“The prologue and epilogue [of the MCC] will bound that and tie you up and leave you on the doorstep of Halo 5.”
Consider the inherent contradictions in these scenes with Halo 5…
In the MCC, Locke does not know why John has gone AWOL and is seeking him to find out why.
In Halo 5, Locke knows exactly why John goes AWOL from the start and has just been sent after him because he’s in-pursuit of the same mission Locke was given. Even Thel knows why John is AWOL, so everyone is privileged with information in the final product when the marketing was all about hunting the truth of these uncertain events.
This was obviously done because 343 didn’t want to reveal that Cortana is back, yet – as I said earlier – Halo 5 presents us with no ambiguity about that from the second mission.
Which brings us to…
June 11th, 2015: “343 Industries has stated that Blue Team probably has more lines of dialogue in Halo 5 than they have in all the books, comics, and videos released to date, so it will give fans a better look into the personas of some of Halo’s oldest warriors.”
This is an outright lie. Blue Team has a grand total of three missions in the game, very little of their dialogue is character-based, it’s largely setting-based in how they briefly talk about where you are. There’s a couple of references made to the books, but you have to stick around certain areas for up to 10 minutes to hear these pieces of dialogue – half of my Halo 5 playtime has probably been just that. Waiting for the character stuff to happen, only to be disappointed.
One particular example I recall is Kelly asking John about how it was to work with an AI so closely because she never has. John says “it’s unique”, Kelly asks if he’d care to elaborate, and John just shuts the conversation down with “no”. Well, bye-bye development of character perspective!
And I just have to bring this up:
October 29th, 2015: “I don’t think any of [Chief’s] Blue Team have particularly strong personalities,” says O’Connor when I ask about the challenge of maintaining emotional connection while jumping players between perspectives.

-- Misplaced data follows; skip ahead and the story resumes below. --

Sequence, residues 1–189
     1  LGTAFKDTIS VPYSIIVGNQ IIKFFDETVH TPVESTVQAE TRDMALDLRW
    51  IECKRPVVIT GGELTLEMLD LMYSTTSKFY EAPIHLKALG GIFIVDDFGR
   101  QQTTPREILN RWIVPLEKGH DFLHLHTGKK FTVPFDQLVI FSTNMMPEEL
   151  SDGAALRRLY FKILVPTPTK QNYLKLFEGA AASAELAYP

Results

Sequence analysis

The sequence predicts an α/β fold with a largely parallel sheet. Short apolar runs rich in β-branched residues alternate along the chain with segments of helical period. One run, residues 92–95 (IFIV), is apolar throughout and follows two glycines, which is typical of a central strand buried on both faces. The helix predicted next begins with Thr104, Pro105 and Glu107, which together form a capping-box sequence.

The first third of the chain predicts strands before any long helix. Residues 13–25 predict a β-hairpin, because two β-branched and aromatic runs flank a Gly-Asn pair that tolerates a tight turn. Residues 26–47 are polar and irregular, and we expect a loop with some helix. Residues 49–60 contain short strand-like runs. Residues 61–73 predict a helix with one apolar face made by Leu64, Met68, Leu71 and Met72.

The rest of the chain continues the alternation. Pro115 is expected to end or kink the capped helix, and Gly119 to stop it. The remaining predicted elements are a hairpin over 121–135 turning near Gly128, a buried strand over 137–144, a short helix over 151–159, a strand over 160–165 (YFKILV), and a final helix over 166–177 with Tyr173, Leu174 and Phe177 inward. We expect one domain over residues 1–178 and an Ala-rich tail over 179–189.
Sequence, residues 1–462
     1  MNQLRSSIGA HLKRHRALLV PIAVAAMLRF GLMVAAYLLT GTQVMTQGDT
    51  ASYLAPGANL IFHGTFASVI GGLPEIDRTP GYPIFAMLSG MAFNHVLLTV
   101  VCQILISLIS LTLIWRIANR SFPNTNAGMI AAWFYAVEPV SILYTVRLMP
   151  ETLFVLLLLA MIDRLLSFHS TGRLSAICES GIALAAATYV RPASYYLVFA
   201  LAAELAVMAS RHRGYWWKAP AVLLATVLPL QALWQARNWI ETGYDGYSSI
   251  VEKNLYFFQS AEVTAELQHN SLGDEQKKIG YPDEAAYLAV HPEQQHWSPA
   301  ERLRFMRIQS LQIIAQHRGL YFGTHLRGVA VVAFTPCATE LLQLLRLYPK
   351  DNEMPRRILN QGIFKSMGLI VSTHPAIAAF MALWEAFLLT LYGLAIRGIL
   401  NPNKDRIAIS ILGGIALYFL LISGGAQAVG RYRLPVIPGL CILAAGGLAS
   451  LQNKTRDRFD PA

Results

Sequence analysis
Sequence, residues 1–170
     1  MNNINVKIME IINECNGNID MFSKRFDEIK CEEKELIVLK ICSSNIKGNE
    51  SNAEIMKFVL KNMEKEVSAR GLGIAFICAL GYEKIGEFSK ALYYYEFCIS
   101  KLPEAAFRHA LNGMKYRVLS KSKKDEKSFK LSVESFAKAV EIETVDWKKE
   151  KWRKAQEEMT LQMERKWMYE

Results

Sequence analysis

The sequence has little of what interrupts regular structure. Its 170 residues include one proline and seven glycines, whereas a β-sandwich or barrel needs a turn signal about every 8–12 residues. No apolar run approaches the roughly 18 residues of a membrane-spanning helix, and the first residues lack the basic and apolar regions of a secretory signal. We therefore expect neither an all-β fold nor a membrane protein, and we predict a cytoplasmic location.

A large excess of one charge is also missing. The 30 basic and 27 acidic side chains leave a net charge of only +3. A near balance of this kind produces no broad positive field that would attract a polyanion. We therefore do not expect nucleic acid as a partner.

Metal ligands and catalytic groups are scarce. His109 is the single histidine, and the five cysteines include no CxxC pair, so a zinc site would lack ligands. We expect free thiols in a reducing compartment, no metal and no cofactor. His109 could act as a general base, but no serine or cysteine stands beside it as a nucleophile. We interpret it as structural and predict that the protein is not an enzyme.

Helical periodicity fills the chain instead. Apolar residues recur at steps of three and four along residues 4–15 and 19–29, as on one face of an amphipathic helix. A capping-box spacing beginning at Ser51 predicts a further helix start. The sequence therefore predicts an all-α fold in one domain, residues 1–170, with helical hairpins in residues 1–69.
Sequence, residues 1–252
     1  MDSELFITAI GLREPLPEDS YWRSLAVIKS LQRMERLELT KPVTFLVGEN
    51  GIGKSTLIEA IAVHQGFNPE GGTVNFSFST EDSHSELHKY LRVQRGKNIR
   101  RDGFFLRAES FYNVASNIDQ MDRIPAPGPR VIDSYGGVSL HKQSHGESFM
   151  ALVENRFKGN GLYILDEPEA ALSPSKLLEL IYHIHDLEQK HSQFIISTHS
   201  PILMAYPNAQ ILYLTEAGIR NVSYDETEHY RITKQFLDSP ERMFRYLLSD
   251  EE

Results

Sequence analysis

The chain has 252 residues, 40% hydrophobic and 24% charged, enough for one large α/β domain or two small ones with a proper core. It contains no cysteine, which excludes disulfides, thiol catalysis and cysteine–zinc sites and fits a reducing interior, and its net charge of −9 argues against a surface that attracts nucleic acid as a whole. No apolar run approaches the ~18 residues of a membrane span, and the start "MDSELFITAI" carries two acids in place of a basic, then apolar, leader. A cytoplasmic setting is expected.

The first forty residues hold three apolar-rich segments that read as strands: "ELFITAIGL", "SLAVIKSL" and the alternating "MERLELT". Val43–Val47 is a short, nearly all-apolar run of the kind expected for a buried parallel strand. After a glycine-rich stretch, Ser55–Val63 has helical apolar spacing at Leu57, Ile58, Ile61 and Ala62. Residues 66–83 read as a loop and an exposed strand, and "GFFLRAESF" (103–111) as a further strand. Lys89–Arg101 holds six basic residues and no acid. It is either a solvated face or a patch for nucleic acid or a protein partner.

Yes, you certainly did have to know, but I really don’t know whether you truly followed it through. I look at the ending of Halo 4 – and where the Master Chief is – and I think about all those fascinating things that were set up.
Chief’s evolution being accelerated, unlocking the “many gifts” that Librarian seeded in humanity and hearing the Ur-Didact in his head? Nothing happens with that. Chief has one vision from the Domain at the start of the game and that’s it, it’s solely there to make the plot happen and nothing ever builds on that. Nobody questions John having visions, the Librarian isn’t mentioned outside of the Warden saying that her plan was for the Created to assume the Mantle – which we know is wrong, so that’s only going to confuse more casual players…
Cortana’s death? All consequences of that is wiped away, essentially retconned in a forum post from Catalog in 2014 saying that the ‘heart’ of Mantle’s Approach conducted a slipspace jump.
The Janus Key/Absolute Record arc? Came to absolutely nothing after 2 years of build-up. Go read it for yourself if you haven’t.
Ur-Didact as the Reclaimer Saga’s central antagonist figure who would be central to post-Halo 4 fiction? Utterly shafted.
June 22nd, 2015: “We got asked a lot about what happened to Cortana – what’s her fate? Well, her fate is, obviously, very clear at the end of Halo 4. The story is really about ‘what effect did Cortana’s sacrifice have on the Chief, and what effect does her loss have on him?’ It’s more about the long-lasting impact she’s had on him, and the whole universe, and that’s kind of a metaphor for the effect she’s had on fans now that she’s gone as well.”